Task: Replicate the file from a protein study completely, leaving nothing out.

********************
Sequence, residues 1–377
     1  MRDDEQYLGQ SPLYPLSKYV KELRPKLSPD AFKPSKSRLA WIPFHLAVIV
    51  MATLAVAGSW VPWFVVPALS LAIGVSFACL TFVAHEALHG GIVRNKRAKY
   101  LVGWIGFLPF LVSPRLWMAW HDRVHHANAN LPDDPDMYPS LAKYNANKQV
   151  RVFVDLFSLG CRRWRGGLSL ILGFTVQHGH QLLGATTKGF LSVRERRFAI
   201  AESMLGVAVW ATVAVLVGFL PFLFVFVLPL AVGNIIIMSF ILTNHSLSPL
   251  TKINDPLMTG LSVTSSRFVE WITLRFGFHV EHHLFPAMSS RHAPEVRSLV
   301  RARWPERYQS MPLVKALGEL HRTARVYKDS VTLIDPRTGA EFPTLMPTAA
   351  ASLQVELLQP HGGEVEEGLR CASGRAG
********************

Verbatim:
Sequence, residues 1–377
     1  MRDDEQYLGQ SPLYPLSKYV KELRPKLSPD AFKPSKSRLA WIPFHLAVIV
    51  MATLAVAGSW VPWFVVPALS LAIGVSFACL TFVAHEALHG GIVRNKRAKY
   101  LVGWIGFLPF LVSPRLWMAW HDRVHHANAN LPDDPDMYPS LAKYNANKQV
   151  RVFVDLFSLG CRRWRGGLSL ILGFTVQHGH QLLGATTKGF LSVRERRFAI
   201  AESMLGVAVW ATVAVLVGFL PFLFVFVLPL AVGNIIIMSF ILTNHSLSPL
   251  TKINDPLMTG LSVTSSRFVE WITLRFGFHV EHHLFPAMSS RHAPEVRSLV
   301  RARWPERYQS MPLVKALGEL HRTARVYKDS VTLIDPRTGA EFPTLMPTAA
   351  ASLQVELLQP HGGEVEEGLR CASGRAG